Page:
AFTER 26 YEARS in the game, what makes a restaurant critic’s heart beat faster?
The big-bucks steak house with the Italian upholstery? The six-course chef-narrated feast? The mobile sous-vide corn dog cart with the raw-food relish bar and more Twitter followers than Britney Spears? Come with me to a cozy brick-walled boite in Belltown and I’ll show you.
Tilikum Place Café opens off leafy Cedar Street at the Seattle Center edge of Belltown, and if it weren’t for the statue of Chief Seattle out the window—or a certain iconic Needle looming overhead—you might think you were in the West Village. Close the drafty glass door behind you and note the genuine warmth of the smiling greeter, along with other simple tags of authenticity: raw wood timbers, original paned windows, humble orange marigolds popping brightly from bud vases. Folks in jeans or arty theater-wear sit solo or in pairs along the bar or in livelier groups at tables, sipping bowls of celeriac puree or brawny Manhattans. Tilikum Place Café is in Belltown, but not of it.
Local girl and South Seattle Community College Culinary Arts Program grad Ba Culbert conceived Tilikum as a neighborhood haunt you could visit in sweats with a newspaper for brunch, then revisit for your anniversary dinner. Her name’s not really Ba, it’s Diana, but it hung on from when a sibling couldn’t say “baby.” Name notwithstanding, Culbert’s no neophyte. Her resume includes gigs at Tom Douglas’s Palace Kitchen, the private dinner club the Ruins, and the Mediterranean masterpiece Vios. Along the way she found an angel who esteemed her talents enough to become a silent partner in a venture all her own.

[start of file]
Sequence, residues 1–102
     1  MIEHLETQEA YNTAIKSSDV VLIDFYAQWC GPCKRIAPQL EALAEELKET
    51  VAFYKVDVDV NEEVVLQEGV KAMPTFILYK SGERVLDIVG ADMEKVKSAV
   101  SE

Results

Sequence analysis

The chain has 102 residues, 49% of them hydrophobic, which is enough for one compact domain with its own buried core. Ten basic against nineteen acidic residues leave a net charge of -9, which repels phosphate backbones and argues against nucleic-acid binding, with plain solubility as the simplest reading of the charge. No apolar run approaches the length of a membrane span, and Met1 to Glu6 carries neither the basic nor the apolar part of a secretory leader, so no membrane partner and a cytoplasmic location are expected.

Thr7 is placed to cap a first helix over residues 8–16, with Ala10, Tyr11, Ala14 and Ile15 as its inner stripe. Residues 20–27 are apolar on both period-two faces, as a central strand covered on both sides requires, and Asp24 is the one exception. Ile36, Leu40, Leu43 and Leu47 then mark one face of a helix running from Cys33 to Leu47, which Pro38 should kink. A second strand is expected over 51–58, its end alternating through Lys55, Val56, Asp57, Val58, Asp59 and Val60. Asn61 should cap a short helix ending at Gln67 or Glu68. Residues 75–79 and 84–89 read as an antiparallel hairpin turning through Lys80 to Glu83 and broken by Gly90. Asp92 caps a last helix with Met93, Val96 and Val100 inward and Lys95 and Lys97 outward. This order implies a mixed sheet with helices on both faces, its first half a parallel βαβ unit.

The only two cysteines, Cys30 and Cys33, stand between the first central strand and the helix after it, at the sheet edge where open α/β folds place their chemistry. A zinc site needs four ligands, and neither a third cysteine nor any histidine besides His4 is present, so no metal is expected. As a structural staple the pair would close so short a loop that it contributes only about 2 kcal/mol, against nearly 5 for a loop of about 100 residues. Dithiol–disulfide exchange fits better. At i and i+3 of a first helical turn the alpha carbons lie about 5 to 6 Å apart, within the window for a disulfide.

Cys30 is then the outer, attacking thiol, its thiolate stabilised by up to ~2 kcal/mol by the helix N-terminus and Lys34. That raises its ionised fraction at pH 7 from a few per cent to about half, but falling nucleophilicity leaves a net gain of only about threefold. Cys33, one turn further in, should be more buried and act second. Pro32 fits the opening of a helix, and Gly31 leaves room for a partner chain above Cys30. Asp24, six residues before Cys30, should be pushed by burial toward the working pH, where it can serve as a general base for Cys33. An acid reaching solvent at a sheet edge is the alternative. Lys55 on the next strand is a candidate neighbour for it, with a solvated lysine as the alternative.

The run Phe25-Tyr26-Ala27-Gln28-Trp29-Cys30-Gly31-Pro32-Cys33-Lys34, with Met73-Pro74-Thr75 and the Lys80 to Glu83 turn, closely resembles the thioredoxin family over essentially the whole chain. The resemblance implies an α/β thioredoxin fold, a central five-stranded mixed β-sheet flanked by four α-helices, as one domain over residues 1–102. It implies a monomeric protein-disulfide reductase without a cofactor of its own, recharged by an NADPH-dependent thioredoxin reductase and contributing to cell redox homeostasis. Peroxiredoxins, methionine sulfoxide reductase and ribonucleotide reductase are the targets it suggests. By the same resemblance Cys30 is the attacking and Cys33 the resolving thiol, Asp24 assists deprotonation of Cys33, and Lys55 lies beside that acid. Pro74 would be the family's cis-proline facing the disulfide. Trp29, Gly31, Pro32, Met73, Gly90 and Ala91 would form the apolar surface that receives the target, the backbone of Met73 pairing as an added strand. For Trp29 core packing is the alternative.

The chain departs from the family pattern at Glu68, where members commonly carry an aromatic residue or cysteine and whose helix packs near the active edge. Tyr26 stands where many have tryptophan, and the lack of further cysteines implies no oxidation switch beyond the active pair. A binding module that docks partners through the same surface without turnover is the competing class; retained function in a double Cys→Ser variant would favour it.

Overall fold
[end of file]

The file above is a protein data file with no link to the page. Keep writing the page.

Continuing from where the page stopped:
So here it is. Smart angel.
One drizzly Wednesday we found ourselves before a cup of that celeriac puree, velvety with cream, and finished with a sweet crown of caramelized pear. A bacon, potato, and Gruyere tart arrived on a plate beside a generous toss of greens, lacquered in a gentle herbal vinaigrette. And the crust! A flaky testimonial to the miracle of butter. Perfect.
By the time our entrees rolled around, we’d gone wordless. The pork chop over the sagey polenta cake was thick and meaty, its smokiness brightly balanced by braised greens and lush grilled figs. A house specialty, pan-seared chicken, was expertly crisped on the outside and served with a poppy-seed dumpling and big rustic hunks of onion and sweet pepper in a feisty paprikash.
The chicken was so rich we “couldn’t possibly touch dessert” (read: ordered just one) and it was as moist and flavorful an amaretto bread pudding as the consummate Boat Street Café version. Could all the desserts be this good? (Read: How long might it take us to eat our way to the end of the long list on the specials board?)